‘Wadjda’ is the first feature film to be filmed in Saudi Arabia by a woman, and one of few films to emerge from the country at all. The tale is simple and hardly groundbreaking, but she tells it with grace, warmth and clarity. Perhaps the most radical thing about her film is that she reveals the dominance of men and conservatism in Saudi society while putting women, girls and hope front and centre.
How to be a female film director in Saudi Arabia
Haifaa Al-Mansour explains how she made 'Wadjda' in a country where filmmakers get death threats
Talk about a woman in a man’s world: Haifaa Al-Mansour is Saudi Arabia’s first female director. Five years in the making, her film ‘Wadjda’ is the story of a rebellious ten-year-old tomboy in purple Converse. All Wadjda wants is to buy a bike, but grown-ups are forever telling her off for mucking around with boys and not wearing a veil. Al-Mansour tells us how she made her film against all odds.
‘I was working for an oil company in Saudi Arabia. As a woman in my twenties trying to assert myself in the workplace I felt invisible. In meetings they would never listen to me. It’s not personal. That’s Saudi society. It was a low point. I’d graduated from college with all these dreams. I wanted to be happy. So as therapy I decided to make a short film. My brother held the camera, my sister held up a light. It started like that. I became the first female filmmaker in Saudi.’
‘Wadjda was such a victim in the first draft and I wrote so many angry scenes. It was bad! But I decided I didn’t want to tell a story about victims. The message of the film is that women can have a voice if they want. I wanted to show an example of hope. We have to change the way we think. When people change in their hearts, things will come naturally. I believe that.’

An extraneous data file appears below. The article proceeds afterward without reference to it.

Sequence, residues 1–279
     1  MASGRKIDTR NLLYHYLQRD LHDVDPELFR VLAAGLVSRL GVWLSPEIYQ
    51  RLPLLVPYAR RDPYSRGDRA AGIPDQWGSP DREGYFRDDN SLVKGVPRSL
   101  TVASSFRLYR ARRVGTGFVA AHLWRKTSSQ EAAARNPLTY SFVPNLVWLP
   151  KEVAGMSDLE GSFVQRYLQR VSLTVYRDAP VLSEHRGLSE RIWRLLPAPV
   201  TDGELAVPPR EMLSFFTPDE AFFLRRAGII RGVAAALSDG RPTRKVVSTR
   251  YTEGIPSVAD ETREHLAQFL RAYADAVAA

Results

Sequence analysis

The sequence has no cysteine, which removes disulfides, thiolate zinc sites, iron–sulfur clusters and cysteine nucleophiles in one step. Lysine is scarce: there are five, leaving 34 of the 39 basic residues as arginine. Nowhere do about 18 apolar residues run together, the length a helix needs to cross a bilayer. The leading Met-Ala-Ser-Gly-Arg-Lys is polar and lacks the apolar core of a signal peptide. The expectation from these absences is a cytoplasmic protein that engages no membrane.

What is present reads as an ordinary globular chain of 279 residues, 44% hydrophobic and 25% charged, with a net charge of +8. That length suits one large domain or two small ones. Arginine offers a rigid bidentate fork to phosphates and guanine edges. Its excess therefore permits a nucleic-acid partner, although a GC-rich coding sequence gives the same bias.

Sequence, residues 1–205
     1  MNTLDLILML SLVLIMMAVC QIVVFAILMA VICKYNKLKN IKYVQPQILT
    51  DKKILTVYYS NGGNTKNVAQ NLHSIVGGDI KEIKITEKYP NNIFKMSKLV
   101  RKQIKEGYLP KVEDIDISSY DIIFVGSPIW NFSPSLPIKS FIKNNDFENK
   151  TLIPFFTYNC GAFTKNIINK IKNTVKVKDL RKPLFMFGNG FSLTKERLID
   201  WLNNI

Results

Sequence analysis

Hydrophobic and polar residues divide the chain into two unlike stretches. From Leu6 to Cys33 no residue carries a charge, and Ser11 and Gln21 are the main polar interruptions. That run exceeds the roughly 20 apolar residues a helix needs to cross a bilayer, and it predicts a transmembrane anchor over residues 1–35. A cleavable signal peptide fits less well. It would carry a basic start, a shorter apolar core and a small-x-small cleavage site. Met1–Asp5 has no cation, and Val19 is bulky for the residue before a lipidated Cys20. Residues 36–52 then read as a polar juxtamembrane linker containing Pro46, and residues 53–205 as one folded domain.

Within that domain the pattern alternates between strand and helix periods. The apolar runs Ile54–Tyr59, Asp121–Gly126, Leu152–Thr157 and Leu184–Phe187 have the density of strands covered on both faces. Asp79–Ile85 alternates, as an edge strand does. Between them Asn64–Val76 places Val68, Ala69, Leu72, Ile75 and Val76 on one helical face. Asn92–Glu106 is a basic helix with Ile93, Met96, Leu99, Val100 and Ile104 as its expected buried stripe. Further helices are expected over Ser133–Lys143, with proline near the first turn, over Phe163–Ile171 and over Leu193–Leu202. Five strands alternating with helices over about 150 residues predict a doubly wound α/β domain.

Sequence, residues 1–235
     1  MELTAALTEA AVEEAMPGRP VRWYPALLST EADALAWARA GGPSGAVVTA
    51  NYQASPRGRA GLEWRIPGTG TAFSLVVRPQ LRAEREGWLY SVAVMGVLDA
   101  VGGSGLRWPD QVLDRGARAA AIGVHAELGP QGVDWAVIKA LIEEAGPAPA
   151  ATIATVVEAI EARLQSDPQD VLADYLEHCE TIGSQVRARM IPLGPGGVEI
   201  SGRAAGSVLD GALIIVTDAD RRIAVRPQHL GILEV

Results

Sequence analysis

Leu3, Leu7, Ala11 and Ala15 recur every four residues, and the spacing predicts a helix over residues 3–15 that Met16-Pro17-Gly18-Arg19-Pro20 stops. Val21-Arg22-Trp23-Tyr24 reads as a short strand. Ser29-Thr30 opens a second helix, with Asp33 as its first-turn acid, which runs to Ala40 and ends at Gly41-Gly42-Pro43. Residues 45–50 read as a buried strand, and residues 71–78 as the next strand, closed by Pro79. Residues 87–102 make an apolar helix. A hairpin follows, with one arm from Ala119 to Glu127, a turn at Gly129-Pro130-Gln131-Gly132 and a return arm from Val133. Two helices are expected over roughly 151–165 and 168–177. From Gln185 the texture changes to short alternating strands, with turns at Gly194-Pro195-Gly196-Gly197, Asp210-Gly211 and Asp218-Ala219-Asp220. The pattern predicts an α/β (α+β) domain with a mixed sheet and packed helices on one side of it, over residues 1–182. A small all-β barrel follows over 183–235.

‘Saudi Arabia is segregated, so men and women are not supposed to mix in public. And no way should I have been giving orders to all those men! So when we shot on the streets I’d hide in a van. They gave me a walkie-talkie. So you could hear my voice all over the streets of Riyadh. “Do that!” “Pull the camera back!”’
‘I saw a lot of girls. Whenever we found someone, her parents would call the next day and say no. I based the role on my niece. She has such a sense of humour and is full of spark. She’s in college now, but I tried to find her spirit in the girls who were auditioning. Then Waad Mohammed came in wearing jeans and Converse and listening to Justin Bieber. That was it. In the beginning her mother was very hesitant.’
‘It's changing, but when I started making documentaries about ten years ago Saudi was very conservative. The first time I got a death threat, I was scared. They said they had a coffin ready for me. But I realised that a lot of writers and directors in Saudi get threats. Less now, because society is becoming more open. Saudi Arabia is not a heaven for women but it’s changing.’
‘Wadjda’ is released in UK cinemas on Fri Jul 19.